(Reuters) - Steve Bannon, an architect of Donald Trump’s 2016 election victory, was arrested on a yacht on Thursday and pleaded not guilty after he was charged with defrauding donors in a scheme to help build the president’s signature wall along the U.S.-Mexico border.
As a top adviser to Trump’s presidential campaign who later served as White House chief strategist, Bannon helped articulate the “America First” right-wing populism and fierce opposition to immigration that have been hallmarks of Trump’s 3-1/2 years in office. Trump fired Bannon from his White House post in August 2017.
Bannon, 66, was among four people arrested and charged by federal prosecutors in Manhattan with conspiracy to commit wire fraud and conspiracy to commit money laundering. They each face up to 40 years in prison if convicted, but would likely get much shorter sentences.
Prosecutors accused the defendants of defrauding hundreds of thousands of donors through a $25 million crowdfunding campaign called “We Build the Wall.” Bannon used hundreds of thousands of dollars of that money to cover personal expenses, according to the charges.
A handcuffed Bannon wore a protective white mask amid the coronavirus pandemic and two open-collared shirts when he appeared in federal court in Manhattan, where his lawyer entered a plea of not guilty on his behalf. He was freed on $5 million bond and barred by a federal magistrate judge from traveling internationally.
On leaving the courthouse, Bannon took off his mask and briefly addressed reporters before leaving in a black SUV.
“This entire fiasco is to stop people who want to build the wall,” Bannon said.
Bannon was arrested in Connecticut by agents from the prosecutor’s office and the U.S. Postal Inspection Service aboard a 150-foot-long (45-metre-long) yacht, according to a law enforcement source. That yacht, called the Lady May, is owned by Chinese fugitive billionaire Guo Wengui, with whom Bannon has had a working relationship.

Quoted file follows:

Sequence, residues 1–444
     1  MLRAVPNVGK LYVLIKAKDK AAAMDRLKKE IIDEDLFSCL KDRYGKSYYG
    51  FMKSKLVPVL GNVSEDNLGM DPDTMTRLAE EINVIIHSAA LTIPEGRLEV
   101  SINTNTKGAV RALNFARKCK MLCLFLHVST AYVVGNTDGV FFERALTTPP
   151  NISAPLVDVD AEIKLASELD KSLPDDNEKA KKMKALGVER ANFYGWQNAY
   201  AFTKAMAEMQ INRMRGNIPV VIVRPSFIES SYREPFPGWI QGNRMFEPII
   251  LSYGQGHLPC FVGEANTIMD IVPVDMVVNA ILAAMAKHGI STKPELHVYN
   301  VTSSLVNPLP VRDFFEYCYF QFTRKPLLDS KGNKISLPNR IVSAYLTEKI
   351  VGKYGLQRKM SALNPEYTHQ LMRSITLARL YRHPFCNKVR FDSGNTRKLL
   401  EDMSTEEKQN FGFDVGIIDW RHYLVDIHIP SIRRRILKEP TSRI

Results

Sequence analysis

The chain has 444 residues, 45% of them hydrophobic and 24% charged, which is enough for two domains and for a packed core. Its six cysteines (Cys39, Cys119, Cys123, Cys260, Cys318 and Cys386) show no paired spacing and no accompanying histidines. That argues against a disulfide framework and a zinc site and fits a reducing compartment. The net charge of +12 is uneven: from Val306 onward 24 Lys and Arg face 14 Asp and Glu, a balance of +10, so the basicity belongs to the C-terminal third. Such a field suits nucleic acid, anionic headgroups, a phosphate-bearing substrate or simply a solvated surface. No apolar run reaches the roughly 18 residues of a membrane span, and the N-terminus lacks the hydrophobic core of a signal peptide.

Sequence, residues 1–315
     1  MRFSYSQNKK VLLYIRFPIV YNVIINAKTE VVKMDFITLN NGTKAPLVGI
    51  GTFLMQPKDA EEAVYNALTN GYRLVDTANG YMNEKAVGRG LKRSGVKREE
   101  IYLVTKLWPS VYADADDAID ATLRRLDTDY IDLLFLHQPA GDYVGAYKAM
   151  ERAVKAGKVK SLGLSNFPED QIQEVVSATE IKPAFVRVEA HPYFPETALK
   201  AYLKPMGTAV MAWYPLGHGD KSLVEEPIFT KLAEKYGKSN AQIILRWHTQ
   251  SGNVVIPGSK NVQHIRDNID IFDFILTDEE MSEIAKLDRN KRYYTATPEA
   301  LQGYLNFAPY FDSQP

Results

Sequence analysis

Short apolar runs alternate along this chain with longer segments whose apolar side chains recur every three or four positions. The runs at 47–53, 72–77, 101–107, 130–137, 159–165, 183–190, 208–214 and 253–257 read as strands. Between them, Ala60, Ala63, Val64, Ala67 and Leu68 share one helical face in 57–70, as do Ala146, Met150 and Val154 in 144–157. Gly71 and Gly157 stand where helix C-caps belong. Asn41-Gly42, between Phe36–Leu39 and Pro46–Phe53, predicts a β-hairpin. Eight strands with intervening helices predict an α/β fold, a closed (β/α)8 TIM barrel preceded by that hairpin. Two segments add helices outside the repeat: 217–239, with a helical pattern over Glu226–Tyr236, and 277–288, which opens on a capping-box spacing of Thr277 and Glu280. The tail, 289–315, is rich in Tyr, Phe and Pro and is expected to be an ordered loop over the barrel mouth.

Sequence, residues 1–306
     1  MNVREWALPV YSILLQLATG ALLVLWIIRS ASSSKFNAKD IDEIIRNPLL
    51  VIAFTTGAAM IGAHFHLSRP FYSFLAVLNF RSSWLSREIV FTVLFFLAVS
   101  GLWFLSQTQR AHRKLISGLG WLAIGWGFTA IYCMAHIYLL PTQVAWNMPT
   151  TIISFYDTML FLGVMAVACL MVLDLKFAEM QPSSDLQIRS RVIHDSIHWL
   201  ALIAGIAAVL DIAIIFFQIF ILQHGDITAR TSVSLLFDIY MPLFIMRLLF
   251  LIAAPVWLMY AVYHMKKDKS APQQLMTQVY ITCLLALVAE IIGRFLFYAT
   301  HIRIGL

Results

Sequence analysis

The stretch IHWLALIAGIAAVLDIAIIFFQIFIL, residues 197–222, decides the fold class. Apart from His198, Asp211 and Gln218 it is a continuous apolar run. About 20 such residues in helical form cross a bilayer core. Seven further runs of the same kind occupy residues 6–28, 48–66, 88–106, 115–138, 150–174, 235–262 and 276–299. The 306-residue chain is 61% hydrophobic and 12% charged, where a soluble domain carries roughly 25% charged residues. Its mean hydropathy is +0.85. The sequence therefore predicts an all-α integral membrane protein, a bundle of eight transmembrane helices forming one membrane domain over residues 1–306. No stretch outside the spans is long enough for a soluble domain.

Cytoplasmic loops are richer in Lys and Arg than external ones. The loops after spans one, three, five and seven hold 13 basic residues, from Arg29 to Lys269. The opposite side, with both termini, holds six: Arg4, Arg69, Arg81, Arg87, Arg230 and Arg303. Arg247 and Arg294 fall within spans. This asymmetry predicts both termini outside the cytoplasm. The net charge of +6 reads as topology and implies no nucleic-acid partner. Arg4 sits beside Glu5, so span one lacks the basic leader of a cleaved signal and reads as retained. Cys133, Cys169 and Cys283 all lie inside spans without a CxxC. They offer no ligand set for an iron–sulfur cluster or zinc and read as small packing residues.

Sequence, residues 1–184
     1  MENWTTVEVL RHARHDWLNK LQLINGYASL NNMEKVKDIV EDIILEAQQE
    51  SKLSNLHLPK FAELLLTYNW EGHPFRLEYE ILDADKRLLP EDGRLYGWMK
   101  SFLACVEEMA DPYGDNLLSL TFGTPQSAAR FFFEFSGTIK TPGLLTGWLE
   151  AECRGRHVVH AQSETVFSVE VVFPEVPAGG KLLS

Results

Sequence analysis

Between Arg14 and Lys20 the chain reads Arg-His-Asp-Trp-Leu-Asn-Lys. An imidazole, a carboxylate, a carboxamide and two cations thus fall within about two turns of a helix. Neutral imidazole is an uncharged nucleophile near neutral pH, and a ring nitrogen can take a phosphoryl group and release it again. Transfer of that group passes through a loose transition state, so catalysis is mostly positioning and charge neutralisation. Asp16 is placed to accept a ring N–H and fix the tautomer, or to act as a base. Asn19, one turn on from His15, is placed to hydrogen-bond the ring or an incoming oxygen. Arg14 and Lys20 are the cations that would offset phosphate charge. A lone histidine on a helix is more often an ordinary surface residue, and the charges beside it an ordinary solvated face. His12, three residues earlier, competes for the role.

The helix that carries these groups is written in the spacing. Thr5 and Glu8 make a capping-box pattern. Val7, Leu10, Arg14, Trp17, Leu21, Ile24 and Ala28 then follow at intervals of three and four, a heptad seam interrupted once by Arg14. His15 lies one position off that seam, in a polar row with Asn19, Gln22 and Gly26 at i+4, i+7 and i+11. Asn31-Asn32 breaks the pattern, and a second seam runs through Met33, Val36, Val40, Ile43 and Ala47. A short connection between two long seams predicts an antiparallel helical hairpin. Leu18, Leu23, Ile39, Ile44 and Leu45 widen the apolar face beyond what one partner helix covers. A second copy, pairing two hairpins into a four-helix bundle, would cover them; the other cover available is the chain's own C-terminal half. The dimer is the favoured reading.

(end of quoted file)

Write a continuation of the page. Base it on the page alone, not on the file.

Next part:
The famously disheveled entrepreneur headed the right-wing Breitbart News website - a voice for the alt-right movement that spans hardcore nationalists, white supremacists, neo-Nazis and anti-Semites - before joining Trump’s campaign. Bannon, an anti-globalist, has since promoted a variety of right-wing causes and candidates in the United States and abroad.
Trump told reporters at the White House that he felt “very badly” about the charges, but sought to distance himself from Bannon and the alleged scheme.
“I do think it’s a sad event,” Trump said. “I haven’t dealt with him at all now for years, literally years.”
Trump said he knew little about the project. But one of those involved, former Kansas Secretary of State Kris Kobach, said in 2019 that Trump had offered his support, according to the New York Times.
Bannon is the eighth close Trump associate here to be arrested or convicted of a crime, a list that also includes former campaign chairman Paul Manafort, longtime friend and adviser Roger Stone, former national security adviser Michael Flynn and former personal lawyer Michael Cohen.